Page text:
Lloyd's buoyed up by profits

Storm clouds are finally lifting from Lloyd's of London after the embattled insurer reported record profits and successfully pushed through its rescue plan at meetings held last week.

Litigation by Names, many of whom faced financial ruin after the market's massive losses in the late 1980s, has subsided in the past year.

This has helped Lloyd's to put the past behind it and draw up plans which envisage a more important supporting role for corporate capital.

Many commentators believe that the days when Lloyd's relied almost exclusively on the private wealth of individual Names to sustain the market will soon be a thing of the past.

Lawyers point out that a number of important legal landmarks have been established by the courts during actions by disgruntled Names. These should help the market face the future with renewed confidence.

According to David Tiplady, insurance expert at DJ Freeman, the House of Lords Henderson and Merrett judgment revisited the issue of duty of care given by professional advisers to those they are advising. “The judgment clarified the law where it had been getting confused,” said Tiplady.

Another important case was brought and won by Names in the Gooda Walker Action Group which illustrated the responsibilities of underwriters.

It was also established that there were duties owed by a member's agent when advising a Name which syndicate to join, and the amount of funds to subscribe to each one.

The Gooda Walker case, brought on behalf of Names by Wilde Sapte's Philip Rocher, was one of the largest actions in legal history. The litigation involved 187 pages of schedules detailing losses to Names.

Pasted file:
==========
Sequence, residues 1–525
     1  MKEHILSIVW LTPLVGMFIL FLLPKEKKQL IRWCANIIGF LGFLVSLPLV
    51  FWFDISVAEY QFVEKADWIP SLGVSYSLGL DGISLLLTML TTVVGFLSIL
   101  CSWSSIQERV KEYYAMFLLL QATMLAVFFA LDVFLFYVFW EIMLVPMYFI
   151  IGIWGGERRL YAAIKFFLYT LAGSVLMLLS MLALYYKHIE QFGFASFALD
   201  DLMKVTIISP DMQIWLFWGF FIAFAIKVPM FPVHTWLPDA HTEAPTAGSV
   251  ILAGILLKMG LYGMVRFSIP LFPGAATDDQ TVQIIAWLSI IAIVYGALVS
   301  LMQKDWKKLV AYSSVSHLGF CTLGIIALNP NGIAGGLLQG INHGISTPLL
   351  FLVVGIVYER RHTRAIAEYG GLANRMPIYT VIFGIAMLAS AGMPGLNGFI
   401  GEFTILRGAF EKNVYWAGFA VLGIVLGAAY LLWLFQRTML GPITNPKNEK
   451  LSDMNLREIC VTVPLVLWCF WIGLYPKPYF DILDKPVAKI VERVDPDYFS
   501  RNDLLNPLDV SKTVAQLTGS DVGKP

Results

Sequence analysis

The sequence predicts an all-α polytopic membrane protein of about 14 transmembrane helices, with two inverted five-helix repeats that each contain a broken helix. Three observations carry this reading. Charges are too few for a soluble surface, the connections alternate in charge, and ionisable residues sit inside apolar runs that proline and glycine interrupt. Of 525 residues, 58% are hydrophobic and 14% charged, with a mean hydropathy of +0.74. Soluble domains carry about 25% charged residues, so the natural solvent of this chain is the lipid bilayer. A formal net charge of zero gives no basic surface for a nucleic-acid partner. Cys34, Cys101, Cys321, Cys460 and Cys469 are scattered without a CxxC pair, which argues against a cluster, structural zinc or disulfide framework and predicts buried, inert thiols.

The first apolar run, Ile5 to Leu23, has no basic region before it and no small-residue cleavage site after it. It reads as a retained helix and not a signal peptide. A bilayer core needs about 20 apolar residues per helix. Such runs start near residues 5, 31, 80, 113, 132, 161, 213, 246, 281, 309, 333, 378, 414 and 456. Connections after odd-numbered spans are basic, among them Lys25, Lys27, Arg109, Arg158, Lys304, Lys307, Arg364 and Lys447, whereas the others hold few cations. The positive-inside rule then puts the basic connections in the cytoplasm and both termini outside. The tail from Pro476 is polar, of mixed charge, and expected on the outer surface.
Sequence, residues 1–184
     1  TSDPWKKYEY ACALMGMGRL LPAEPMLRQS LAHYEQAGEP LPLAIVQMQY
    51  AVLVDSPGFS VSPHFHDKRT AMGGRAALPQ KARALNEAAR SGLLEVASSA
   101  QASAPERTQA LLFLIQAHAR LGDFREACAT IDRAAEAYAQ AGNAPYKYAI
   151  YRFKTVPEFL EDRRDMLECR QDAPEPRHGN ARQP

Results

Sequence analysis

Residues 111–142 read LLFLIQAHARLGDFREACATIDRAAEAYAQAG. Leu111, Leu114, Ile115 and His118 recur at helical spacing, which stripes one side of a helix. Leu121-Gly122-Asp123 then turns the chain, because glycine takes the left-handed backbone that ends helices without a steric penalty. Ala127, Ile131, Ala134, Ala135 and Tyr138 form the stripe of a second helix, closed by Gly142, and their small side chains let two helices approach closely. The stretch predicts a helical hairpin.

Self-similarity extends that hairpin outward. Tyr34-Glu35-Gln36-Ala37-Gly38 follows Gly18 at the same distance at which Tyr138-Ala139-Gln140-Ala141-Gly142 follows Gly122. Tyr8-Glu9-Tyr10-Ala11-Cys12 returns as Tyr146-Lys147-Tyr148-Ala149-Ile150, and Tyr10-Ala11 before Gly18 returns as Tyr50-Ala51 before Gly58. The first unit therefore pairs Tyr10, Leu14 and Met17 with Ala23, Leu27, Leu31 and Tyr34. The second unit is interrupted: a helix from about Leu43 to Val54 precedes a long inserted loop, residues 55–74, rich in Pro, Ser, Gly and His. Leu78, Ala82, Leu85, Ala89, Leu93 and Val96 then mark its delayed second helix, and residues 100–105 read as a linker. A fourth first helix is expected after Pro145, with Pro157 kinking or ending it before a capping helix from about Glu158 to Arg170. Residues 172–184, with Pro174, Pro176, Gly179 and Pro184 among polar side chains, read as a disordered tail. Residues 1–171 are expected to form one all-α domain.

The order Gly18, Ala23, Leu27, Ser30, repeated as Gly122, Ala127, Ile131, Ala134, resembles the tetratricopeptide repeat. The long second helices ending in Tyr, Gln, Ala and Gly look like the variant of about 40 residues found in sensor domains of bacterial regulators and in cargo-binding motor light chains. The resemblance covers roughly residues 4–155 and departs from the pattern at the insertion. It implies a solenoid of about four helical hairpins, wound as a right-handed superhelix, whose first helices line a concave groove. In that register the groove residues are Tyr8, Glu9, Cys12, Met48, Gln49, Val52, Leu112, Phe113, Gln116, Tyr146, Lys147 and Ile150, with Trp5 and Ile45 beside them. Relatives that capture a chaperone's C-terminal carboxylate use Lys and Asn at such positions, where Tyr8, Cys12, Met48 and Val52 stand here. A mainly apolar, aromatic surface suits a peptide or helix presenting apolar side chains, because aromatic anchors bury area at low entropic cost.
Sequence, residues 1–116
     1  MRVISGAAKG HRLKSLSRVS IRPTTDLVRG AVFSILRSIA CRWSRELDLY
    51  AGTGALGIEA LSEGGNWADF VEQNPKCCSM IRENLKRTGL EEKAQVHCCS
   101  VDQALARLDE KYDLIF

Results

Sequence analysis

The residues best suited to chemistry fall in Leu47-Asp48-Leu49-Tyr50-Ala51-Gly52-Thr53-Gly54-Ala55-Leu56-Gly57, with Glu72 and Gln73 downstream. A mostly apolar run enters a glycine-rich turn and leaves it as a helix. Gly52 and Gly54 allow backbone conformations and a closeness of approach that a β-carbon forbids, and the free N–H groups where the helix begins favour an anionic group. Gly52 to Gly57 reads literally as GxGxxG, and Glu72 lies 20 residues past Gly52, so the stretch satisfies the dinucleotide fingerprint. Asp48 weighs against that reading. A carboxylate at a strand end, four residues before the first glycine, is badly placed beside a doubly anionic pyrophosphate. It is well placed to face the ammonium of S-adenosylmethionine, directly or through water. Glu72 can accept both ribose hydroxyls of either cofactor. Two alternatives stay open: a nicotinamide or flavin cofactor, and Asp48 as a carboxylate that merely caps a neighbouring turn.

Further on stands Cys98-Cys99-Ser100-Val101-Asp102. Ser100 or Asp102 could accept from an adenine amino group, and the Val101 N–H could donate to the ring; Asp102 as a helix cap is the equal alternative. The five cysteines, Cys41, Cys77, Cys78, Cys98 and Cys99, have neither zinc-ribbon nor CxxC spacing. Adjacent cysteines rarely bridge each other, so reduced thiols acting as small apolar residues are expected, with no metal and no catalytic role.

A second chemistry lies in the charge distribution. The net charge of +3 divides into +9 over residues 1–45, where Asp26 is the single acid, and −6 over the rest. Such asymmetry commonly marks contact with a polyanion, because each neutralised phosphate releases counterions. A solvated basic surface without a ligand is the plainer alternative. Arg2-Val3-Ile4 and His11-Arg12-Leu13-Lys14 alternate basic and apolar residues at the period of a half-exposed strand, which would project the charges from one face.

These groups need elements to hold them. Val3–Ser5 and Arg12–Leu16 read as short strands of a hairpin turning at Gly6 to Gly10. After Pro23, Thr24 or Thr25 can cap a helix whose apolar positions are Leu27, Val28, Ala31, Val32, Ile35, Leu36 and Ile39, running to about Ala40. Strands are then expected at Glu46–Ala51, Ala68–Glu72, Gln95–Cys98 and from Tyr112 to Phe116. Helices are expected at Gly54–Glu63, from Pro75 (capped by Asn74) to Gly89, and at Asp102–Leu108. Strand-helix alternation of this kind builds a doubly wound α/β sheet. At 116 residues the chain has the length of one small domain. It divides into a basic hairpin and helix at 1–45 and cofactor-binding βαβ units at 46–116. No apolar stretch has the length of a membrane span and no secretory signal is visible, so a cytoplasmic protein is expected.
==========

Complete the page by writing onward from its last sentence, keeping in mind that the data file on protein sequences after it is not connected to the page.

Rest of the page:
It is likely that action taken by Names alleging negligence and incompetence over the way their affairs were managed, helped to persuade the Lloyd's establishment to come up with a substantive rescue plan.

That said, the legal fireworks may not have run their course.

Members of the so-called Paying Names Action Group, are threatening to sue over being unfairly penalised by the £3.1 billion out-of-court settlement to compensate loss making Names. They object to the fact that Names who continued to trade during the crisis of 1987-92 are being forced to surrender £440 million of their profits from the last three years to finance the rescue package.

However, Lloyd's has demonstrated remarkable staying power. Leah Dunlop, insurance expert at Lovell White Durrant, said: “This is primarily because of its strong brand name and the fact that a claim on its insurance policy has never not been paid.”

That point is echoed by Michael Robin at Hammond Suddards who commented: “At the end of the day, Lloyd's has managed to hang on to most of its clientele. Moreover, the insurance cycle has now turned, and the market is making huge profits.”